Tuesday, March 04, 2008

FW: Your March TransUnion Newsletter

TransUnion Credit Care Monthly March 2008
Hello, Monty!
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A note from the editor
Like it or not, it's that time of year again. Time to start our annual ritual of tracking down tax documents, searching for stray bank statements and rounding up receipts. And whether you do your taxes yourself, take them to your accountant, or a tax preparation service, there are some ways to make tax time a positive experience.
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5 ways to stop spending and start saving

1. Admit you overspend on certain items and commit to cutting back in your worst areas.

2. Learn to adjust – if you spend more on travel and shopping, then maybe cut down on entertainment.

3. Be creative – instead of taking a taxi or bus try walking or riding your bike. Likewise if you eat out more than once or twice a week, don't order dessert and cut down on alcohol. This will benefit your health and wallet.

4.Try to budget for bigger expenses – just $10 a day over a few months really adds up, but you must be religious about adding to your daily savings.

5. Pay yourself first. That is, make "savings" a real monthly expense, just like your utility bills or your telephone bill.

This month's featured article
What you need to know...
a. What you need to know about your credit for tax season

b. Why you should use your refund to pay down

c. Tips on how to go about paying off debt

Tax time is just about here. For some of us that invokes a sinking feeling, for others it sparks a sense of anticipation and the burning question — What will you do with your tax refund?

Here's a novel idea: how about using it to improve your credit?

You can and it's very simple. You just have to come to grips with a few things first.

For starters, recent surveys have found many Canadians paying off tens of thousands in credit card debt, with 90 percent saying they're deeper in debt now than five years ago.

If you are one of these average Canadians carrying too much debt right now, using your tax refund is a smart and easy way to pay it down. And the best part is, reducing your debt can boost your credit, improve the credit offers you receive and save you a lot of money in interest charges. Sure, that might not be as fun and exciting as a spontaneous long weekend in the Caribbean, but when you think of the long-term value of reducing debt and improving your credit, well, sacrificing your fun in the sun today may help you afford a lot more vacations in the future.

Here are a couple of quick pointers on how you can start paying down and reducing some of your debt, too:

Pay off your debt rather than moving it around

The most effective way to improve your credit in this area is by paying down your revolving credit. In fact, owing the same amount but having fewer open accounts may actually lower your score.

Make more than your minimum

First, break the habit of only paying the minimum. Paying only the minimum and only a fraction of the interest is exactly what the banks want you to do. The longer you take to repay the charges, the more interest they make, and the less cash you have in your pocket. Pay as much as you can afford each month.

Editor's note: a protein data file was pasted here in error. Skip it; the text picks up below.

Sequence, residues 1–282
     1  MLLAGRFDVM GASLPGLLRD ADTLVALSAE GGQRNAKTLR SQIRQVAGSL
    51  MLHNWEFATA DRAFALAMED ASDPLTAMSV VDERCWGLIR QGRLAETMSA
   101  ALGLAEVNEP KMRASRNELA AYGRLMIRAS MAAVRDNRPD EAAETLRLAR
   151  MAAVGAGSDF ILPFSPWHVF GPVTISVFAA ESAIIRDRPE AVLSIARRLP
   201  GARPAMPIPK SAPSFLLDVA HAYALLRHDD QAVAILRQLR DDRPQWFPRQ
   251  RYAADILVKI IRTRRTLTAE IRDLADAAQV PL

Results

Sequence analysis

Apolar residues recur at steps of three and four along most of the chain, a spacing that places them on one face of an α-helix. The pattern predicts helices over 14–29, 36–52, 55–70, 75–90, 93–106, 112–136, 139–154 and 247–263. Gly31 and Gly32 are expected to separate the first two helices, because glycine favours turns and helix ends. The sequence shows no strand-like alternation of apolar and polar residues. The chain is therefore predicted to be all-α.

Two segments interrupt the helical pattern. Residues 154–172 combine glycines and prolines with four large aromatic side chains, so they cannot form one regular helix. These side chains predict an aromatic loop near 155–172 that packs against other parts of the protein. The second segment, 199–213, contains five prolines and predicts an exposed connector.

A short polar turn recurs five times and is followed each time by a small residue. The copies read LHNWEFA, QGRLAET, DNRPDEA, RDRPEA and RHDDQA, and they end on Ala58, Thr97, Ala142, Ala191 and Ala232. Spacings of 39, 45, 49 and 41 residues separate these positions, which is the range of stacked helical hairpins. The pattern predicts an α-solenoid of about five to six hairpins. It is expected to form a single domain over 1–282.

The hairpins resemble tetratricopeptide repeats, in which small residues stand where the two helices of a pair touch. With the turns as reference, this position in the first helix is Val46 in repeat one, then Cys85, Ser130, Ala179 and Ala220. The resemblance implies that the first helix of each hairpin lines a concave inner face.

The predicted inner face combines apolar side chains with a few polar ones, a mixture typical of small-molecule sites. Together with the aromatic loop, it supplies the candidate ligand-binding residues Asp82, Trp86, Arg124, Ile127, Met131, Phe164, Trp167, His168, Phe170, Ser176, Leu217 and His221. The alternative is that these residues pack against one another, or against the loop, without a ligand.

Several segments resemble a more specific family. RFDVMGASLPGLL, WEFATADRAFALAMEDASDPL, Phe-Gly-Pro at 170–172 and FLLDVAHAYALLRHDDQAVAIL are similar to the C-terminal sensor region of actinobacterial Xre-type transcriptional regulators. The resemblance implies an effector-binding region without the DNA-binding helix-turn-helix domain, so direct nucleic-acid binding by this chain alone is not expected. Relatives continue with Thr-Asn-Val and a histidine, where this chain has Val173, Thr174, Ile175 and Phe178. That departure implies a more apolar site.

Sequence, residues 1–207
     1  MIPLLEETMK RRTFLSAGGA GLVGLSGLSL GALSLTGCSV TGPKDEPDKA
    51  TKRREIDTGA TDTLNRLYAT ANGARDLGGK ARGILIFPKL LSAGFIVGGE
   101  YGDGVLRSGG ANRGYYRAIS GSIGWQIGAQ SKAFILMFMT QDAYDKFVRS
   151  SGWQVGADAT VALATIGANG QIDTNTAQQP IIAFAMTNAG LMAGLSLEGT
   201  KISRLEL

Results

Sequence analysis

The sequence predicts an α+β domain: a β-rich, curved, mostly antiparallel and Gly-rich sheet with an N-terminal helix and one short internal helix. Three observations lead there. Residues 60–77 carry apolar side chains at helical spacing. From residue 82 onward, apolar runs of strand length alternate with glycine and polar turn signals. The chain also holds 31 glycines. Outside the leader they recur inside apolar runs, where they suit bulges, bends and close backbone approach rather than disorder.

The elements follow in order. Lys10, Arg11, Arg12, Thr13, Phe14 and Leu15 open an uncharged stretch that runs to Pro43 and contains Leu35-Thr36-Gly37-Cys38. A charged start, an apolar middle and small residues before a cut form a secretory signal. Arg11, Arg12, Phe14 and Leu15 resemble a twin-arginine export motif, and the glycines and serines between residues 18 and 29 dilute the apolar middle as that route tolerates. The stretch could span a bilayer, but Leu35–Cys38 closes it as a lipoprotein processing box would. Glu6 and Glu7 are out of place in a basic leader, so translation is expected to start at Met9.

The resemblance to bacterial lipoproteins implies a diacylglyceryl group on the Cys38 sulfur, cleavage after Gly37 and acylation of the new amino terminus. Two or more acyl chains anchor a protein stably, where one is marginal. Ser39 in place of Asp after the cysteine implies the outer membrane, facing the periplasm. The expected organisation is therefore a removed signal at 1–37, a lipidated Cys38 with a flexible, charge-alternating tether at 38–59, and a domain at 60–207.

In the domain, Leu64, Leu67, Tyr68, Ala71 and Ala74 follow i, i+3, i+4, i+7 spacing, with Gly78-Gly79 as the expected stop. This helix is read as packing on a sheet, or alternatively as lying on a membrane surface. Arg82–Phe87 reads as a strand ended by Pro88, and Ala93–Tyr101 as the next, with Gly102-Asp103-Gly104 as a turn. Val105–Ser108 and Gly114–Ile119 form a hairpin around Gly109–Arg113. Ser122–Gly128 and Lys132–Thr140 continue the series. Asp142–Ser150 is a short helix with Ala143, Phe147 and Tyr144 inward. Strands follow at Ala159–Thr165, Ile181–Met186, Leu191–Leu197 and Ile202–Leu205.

Target your debt payments

Consider starting off by paying the most you can toward the credit card with the highest interest rate. Pay it off as quickly as possible. Then move on to the card whose interest rate is almost as high, and so on, until you have paid them all off as quickly as possible.

If you must, turn to your savings account

Ok, this is a last resort. No one wants to dip into or deplete their hard-earned savings, but if you're using it to pay off a 28.8% Annual Percentage Rate credit card, it's essentially the same as getting that 28.8% return without any risk on your part. The higher the interest rate on your debt, the more attractive repayment versus savings becomes.

Renegotiate terms with your creditors

Many creditors are willing to do this. All you
have to do is ask. You have nothing to lose and in many cases you can shave 3, 4 or even 5 percent off your Annual Percentage Rate. And you'll pay down your debt faster.
Renegotiate terms with your...
Ask Audrey
Dear Audrey,

My credit profile shows two credit cards that were charged-off and are now included in bankruptcy. I did not recognize these accounts, but after investigating found that they were old joint accounts with my mother, who recently declared bankruptcy. How can I get these removed from my credit?

Cheryl L.

Hi Cheryl,

Unfortunately, even though the accounts may be closed, they will remain on your credit profile for some time to come and continue to affect your credit. Although you did not file bankruptcy, this account was a commitment that you made with your mother. While her bankruptcy records will remain on her credit profile for 7-10 years, this account will continue to report on both of your files for six years from the time you first missed the payment prior to it being included in bankruptcy. However, there is a lot that you can do to improve your credit now. TransUnion has a host of articles dedicated to credit management topics online.

Bear in mind that positive records (such as closed accounts that were never paid late) can also remain on your credit profile and will only help your credit score.

Until next month,


Audrey O'Dell Newsletter Editor

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